The Point Defiance Zoo & Aquarium in Tacoma, Wash., is widely known for its diverse collection of marine life. When I was growing up in the Pacific Northwest, it was one of my favorite destinations to see massive sharks and other amazing creatures on display.

    This week, the zoo released a video that is quickly going viral, showing Nellie the sea otter displaying some fascinating behavior as she stacks a series of plastic cups while floating on her back.

    It's all the more impressive as Nellie is not merely stacking the cups in a reflexive motion but consciously arranges the cups in a stack from largest to smallest. And yes, it's also quite adorable.

  • Dogshaming: a new blog to showcase your dog’s bad behavior

    Even a bad dog can sometimes be a cute dog. (dogshaming)Even the most committed dog lovers experience occasional moments of frustration with man's best friend. Thankfully, there's a new website called Dogshaming that lets owners post pictures of their guilty canines, along with explanatory notes.

    The blog hasn't even been live for a week but has already generated dozens of posts.

    Dogshaming's blog administrator even makes room for the occasional picture of a shamed cat, though notes this will not be a regular occurrence, because of both the site's mission statement and "there appears little evidence of actual shame in the accused."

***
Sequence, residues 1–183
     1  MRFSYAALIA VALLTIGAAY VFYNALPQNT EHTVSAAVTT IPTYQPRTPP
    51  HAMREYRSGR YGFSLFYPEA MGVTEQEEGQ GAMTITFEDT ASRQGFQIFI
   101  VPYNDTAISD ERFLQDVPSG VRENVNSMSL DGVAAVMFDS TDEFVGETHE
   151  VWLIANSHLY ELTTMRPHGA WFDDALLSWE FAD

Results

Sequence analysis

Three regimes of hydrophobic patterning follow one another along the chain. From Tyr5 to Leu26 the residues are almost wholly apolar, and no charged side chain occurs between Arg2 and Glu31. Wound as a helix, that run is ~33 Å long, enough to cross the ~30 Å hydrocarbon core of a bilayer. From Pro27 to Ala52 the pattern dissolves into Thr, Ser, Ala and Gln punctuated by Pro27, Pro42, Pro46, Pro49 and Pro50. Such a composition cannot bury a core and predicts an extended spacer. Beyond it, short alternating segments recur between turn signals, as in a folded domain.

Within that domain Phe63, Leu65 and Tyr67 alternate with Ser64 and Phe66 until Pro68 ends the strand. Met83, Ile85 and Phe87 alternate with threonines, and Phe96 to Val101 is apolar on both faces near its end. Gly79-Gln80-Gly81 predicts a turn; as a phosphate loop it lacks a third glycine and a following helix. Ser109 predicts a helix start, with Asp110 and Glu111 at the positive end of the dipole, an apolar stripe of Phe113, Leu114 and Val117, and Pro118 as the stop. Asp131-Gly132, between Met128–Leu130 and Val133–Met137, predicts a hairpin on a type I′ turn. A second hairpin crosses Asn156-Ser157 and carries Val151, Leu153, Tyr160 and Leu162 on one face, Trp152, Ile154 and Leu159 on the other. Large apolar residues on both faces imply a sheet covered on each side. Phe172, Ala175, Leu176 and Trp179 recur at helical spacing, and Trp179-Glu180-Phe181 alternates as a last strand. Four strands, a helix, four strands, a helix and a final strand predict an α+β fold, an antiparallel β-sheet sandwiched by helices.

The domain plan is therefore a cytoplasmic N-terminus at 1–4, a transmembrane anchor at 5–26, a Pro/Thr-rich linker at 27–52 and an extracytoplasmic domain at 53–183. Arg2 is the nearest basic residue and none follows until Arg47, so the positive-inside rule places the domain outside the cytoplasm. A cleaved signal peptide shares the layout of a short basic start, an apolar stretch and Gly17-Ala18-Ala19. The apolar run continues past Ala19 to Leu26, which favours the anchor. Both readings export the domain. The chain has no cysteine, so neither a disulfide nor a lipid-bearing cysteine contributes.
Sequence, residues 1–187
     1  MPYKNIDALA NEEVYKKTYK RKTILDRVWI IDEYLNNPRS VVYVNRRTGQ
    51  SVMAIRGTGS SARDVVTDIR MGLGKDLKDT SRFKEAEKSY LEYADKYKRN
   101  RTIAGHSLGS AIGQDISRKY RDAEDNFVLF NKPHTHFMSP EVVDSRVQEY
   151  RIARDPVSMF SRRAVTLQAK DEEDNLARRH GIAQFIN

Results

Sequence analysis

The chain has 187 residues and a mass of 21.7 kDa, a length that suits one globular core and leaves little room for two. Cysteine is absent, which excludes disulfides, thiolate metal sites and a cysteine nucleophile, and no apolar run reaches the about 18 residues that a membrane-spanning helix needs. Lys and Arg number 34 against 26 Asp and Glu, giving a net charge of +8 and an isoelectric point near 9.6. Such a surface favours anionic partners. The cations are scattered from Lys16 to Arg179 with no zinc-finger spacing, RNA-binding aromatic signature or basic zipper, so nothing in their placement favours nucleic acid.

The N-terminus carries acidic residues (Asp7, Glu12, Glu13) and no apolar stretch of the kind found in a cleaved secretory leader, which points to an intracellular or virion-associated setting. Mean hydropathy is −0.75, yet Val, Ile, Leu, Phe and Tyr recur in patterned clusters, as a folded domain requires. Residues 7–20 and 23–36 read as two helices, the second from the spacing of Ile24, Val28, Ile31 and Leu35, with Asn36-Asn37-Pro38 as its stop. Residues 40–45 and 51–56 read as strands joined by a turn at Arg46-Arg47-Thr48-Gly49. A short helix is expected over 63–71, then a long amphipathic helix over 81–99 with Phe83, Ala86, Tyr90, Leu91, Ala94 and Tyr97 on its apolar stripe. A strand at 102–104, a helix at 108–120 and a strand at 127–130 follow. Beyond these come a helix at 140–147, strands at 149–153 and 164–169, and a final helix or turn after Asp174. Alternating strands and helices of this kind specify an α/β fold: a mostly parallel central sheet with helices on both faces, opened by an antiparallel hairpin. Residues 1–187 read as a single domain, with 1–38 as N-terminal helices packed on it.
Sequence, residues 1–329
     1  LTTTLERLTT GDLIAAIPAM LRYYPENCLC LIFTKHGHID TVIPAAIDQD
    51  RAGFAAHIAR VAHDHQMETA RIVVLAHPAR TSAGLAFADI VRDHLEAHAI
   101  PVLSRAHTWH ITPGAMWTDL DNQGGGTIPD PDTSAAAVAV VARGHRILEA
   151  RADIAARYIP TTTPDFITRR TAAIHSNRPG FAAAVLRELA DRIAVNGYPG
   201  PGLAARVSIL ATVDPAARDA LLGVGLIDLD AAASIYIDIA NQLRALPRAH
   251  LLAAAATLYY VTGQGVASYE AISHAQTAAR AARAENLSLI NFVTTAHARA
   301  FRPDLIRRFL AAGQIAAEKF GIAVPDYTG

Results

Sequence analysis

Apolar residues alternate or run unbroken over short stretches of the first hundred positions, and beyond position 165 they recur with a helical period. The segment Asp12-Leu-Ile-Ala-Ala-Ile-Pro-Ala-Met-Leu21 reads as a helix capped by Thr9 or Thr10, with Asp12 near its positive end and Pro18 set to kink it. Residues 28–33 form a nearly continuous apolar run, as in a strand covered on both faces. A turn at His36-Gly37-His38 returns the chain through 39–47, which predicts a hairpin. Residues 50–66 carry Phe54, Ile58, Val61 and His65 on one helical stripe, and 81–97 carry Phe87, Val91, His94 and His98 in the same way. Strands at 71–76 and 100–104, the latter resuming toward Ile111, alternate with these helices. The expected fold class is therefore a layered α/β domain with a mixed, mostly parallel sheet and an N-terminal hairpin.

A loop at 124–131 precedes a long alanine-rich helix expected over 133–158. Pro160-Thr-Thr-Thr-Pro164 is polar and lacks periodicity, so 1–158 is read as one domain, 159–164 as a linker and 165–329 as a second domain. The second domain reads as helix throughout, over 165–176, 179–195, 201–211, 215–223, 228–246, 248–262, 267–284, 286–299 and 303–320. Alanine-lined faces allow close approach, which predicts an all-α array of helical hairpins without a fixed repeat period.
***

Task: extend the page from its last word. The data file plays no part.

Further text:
But if you are the owner of an otherwise beloved dog with a certain behavioral dalliance you think needs to be shared with the world, you can submit your own dogshaming example directly to the site.

    Another "bad" dog (Dogshaming)Bad dog or bad owners? (Dogshaming)[Via Laughing Squid]

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  • Binge-drinking students happier and more accepted than others: study

    A study released on Aug. 20, 2012, suggests binge drinking has social benefits for college-age students. (Jean-Pierre Muller/AFP)

    Researchers completing a new study on alcohol consumption have discovered that college-age students who binge drink are happier than those who don't.

    Those who engaged in binge drinking tend to belong to so-called high-status groups: wealthy, white, male and active in fraternity life. And those who did not belong to the high-status groups could achieve similar levels of social acceptance through the act of binge drinking. In fact, the study results suggest that students engaged in the heavy drinking practice to elevate their social status amongst peers rather than to alleviate depression or anxiety.

    "The present study offers another insight into the nature of a seemingly intractable social problem," the study released on Monday reads. "It is our hope that by drawing attention to the important social motivations underlying binge drinking, institutional administrators and public health professionals will be able to design and implement programs for students that take into account the

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  • Another relaxing trip to the movies (YouTube)Geoffrey Roth and his wife took their two boys to see the new Disney film "The Odd Life of Timothy Green." But the far more cinematic experience took place after the film, while the boys recounted their experience with the film's emotional ending.

    The children's movie tells the story of two parents who bury a box in their backyard that contains a list of everything they'd want in a child. The next morning, the couple, who are unable to conceive, find a 10-year-old boy on their doorstep, claiming to be their son.

    If you're planning to see the movie, be warned that the reaction from the two kids does spoil the film's ending. As Roth explains on his YouTube page, "The ads for The Odd Life of Timothy Green bill it as the 'feel good movie of the season.' As you will see by the reaction of my two sons, they beg to differ":